- Alginate, plaster and plaster bandages are being used more and more in a variety of applications. For instance:
- • A face and head cast are the foundations for foam latex makeup
- • Plaster casts of hands are now sold regularly in art shows
- • Plaster bandage "sculpts" have been crafted by artists for more than 30 years
When combined as a process, these three basic materials can be used to make casts of exceptional quality. (What 3 basic materials?) Please review the following notes before using any of the materials featured on this page.
It is a common belief that plaster is used to make lifecasts of actors' faces for use in special effects. This is a dangerous misconception because the plaster becomes rigid and is difficult to handle and remove (especially from body hair). Another problem is the face may deform due to the weight of the plaster. We recommend artists use a prosthetic grade alginate. Alginate is a rubbery material derived from seaweed. Dental alginate can be used, but you will only have 50 seconds of working time. You must also use cold water which is uncomfortable. We recommend a "Warm-water, slow-setting alginate" which has been buffered to set in about 5 minutes. This gives you plenty of working time and because warm water can be used, it is much more comfortable to wear. Use plaster bandages as a "back-up" to the alginate, and use the plaster only for the positive cast. If you are doing a full body cast you can use a high-quality plaster bandage to pick up detail on the arms, legs, and body. Use silicone or alginate in detail areas such as the hands, feet and face.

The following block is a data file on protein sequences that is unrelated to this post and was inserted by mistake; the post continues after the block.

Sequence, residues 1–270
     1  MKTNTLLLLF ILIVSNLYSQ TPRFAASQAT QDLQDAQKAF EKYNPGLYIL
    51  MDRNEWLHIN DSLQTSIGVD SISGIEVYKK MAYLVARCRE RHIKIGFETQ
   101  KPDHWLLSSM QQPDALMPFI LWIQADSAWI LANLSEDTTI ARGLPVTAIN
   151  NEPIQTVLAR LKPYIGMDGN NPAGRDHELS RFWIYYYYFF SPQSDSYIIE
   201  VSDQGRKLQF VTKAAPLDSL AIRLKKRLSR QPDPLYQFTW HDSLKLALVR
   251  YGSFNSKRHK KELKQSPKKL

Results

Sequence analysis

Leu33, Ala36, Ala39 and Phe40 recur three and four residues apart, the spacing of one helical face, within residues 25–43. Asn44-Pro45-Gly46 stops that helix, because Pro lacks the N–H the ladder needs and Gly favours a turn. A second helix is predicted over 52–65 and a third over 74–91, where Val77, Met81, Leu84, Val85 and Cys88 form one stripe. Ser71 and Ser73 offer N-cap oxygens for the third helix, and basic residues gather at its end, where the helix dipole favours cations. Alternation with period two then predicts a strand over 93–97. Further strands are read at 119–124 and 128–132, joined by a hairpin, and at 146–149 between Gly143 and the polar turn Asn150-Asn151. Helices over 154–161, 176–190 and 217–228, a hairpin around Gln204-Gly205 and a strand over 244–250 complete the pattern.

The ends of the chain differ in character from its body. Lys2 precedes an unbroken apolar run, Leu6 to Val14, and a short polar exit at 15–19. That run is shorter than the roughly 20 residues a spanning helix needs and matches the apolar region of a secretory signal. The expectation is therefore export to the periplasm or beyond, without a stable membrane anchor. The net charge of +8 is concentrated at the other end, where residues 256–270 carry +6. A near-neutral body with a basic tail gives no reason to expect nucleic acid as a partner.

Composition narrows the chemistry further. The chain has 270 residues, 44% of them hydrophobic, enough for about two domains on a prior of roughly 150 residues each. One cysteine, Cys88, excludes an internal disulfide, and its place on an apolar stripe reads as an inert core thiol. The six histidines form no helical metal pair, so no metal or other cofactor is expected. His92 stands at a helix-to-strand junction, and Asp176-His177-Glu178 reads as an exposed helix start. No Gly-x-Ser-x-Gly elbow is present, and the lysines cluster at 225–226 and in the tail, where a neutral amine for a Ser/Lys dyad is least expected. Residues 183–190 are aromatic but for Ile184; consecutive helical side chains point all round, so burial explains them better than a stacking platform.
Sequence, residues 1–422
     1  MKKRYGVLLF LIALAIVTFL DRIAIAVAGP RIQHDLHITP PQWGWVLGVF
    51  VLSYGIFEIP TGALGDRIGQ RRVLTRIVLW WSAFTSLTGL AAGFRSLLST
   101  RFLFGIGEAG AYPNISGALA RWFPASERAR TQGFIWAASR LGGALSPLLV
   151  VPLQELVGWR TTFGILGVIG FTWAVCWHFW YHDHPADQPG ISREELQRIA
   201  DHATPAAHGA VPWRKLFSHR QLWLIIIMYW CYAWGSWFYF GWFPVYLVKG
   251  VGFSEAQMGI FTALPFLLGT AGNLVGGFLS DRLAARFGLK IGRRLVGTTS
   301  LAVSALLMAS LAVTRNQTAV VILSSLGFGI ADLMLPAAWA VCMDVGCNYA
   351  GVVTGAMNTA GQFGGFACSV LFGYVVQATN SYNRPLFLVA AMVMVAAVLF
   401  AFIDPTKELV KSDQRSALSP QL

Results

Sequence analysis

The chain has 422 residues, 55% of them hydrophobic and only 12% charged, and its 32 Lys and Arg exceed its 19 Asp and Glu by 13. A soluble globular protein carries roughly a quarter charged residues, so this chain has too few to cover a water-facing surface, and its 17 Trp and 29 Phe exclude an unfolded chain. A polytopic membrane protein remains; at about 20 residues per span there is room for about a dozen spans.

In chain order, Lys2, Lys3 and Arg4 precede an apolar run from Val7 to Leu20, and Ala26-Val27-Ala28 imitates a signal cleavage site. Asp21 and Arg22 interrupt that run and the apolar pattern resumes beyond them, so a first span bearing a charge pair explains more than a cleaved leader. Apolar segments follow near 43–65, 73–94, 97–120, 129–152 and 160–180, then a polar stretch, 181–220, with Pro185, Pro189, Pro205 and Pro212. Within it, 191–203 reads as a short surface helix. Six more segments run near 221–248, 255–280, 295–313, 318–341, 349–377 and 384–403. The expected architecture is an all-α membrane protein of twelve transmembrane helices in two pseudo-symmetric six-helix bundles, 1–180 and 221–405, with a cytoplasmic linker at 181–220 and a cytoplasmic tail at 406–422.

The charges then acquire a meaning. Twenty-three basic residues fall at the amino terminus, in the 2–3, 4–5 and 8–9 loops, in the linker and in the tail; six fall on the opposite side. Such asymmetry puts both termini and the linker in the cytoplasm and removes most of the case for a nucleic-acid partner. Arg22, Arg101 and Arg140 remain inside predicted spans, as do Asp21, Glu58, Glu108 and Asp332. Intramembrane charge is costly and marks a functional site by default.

The head cast pictured here was used for a melting vampire in the movie "Nightfall", produced by Spinning Reel Films.
Want more information? Check out our Article on Pregnancy Casting and other Life Casting